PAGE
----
In addition to his prodigious publishing and mentorship efforts while at Virginia Tech, Farzad Ahmadi also helped solve a notoriously difficult problem in fluid dynamics, one that many senior engineers had already given up on: How to create a cheap, durable, and passive anti-frosting surface.
The senior from Norfolk, Virginia, says she has always been fascinated by the way words manifest themselves into ideas differently across cultures. That fascination spurred her to study abroad not once but twice.
Godsey, a senior human nutrition, foods, and exercise major, developed a love for the sciences in high school and became interested in pursuing a medical-related career. Attending Virginia Tech was an easy decision for the third-generation Hokie, and her major was an obvious choice as well.
Upon arriving at the medical school in the summer of 2015, Le quickly established herself as an academically gifted student with considerable leadership potential. She excelled in the school’s problem-based, patient-centered curriculum and earned 11 Letters of Distinction.
A "horse girl" growing up, Oliver is a doctor of veterinary medicine candidate and this year’s recipient of the Outstanding Graduating Student Award from the Virginia-Maryland College of Veterinary Medicine at Virginia Tech. She earned a B.S. in animal and poultry science in 2015 from Virginia Tech's College of Agriculture and Life Sciences.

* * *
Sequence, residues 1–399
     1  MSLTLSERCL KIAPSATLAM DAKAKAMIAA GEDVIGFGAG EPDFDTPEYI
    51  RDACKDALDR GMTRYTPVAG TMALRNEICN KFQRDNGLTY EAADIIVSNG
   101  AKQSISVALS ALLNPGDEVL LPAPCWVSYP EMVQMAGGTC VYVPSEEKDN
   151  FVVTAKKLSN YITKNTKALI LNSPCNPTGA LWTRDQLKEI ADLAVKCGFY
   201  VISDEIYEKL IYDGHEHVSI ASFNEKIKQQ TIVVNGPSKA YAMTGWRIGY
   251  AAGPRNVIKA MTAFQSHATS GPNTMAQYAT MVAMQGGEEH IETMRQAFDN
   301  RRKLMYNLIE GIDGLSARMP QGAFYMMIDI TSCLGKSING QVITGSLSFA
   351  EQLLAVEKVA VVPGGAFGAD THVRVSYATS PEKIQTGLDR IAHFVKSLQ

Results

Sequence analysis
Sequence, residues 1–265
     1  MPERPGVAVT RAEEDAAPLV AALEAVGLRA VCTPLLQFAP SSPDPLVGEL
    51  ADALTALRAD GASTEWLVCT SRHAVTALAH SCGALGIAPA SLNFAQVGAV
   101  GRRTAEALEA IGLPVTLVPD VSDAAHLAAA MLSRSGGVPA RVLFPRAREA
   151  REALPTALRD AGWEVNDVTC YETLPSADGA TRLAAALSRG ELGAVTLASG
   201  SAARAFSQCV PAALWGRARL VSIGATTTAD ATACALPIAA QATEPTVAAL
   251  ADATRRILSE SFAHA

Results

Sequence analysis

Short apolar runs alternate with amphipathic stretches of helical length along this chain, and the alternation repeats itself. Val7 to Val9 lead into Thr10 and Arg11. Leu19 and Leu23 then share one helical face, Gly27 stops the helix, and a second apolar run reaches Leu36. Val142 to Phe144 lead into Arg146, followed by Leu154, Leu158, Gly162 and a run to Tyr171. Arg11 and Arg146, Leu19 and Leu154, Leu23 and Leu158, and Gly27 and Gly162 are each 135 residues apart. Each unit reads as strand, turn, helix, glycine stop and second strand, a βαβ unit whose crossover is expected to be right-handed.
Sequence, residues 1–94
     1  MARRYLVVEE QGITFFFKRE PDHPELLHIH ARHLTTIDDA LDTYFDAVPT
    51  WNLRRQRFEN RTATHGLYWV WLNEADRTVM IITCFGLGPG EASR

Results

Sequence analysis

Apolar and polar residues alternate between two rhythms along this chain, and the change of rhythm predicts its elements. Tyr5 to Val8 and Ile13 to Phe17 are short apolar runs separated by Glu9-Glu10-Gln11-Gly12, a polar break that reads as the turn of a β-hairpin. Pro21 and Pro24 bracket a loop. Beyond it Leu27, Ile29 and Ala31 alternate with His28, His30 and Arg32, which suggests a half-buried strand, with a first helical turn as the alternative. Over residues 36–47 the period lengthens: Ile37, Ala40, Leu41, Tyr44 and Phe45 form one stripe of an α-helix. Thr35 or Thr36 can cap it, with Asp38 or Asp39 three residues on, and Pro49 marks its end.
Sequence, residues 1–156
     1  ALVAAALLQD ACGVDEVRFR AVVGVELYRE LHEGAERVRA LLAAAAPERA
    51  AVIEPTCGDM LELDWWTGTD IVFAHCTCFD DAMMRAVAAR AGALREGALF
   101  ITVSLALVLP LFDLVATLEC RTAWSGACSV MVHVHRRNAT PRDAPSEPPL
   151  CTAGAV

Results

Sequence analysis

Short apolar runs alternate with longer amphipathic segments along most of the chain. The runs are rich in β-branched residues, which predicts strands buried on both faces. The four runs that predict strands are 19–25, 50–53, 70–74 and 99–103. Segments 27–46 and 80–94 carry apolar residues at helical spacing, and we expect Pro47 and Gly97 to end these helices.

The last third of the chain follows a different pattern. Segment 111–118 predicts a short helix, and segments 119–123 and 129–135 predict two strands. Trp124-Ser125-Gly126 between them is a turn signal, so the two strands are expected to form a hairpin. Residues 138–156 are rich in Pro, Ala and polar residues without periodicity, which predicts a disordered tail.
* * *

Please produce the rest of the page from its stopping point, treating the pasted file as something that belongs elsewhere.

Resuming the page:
Graduating College of Science seniors and research collaborators Aimee Maurais has been named the 2019 Outstanding Senior in the College of Science and Arianna Krinos has won the 2019 College of Science Senior Undergraduate Research Award.
During his time at Virginia Tech, Khan — a doctoral student in Virginia Tech's Department of Chemistry within the College of Science — has authored nine peer-reviewed publications, and given nine oral presentations at national conferences and many poster presentations.
When DaSilva put her passion for creating welcoming communities into action through Student Affairs, she helped other Hokies feel even more at home, gained valuable leadership experience, and found her future.
There was one more thing Virginia Tech Carilion School of Medicine student Ray Chang wanted to do before he graduated in May — take an international medical rotation in Taiwan, the country where his family is from originally.
Graduating senior Elizabeth Berg combines her love for history, technology, and preservation with an independent study in the University Libraries to create virtual 3D visualizations of Monteith and Thomas halls.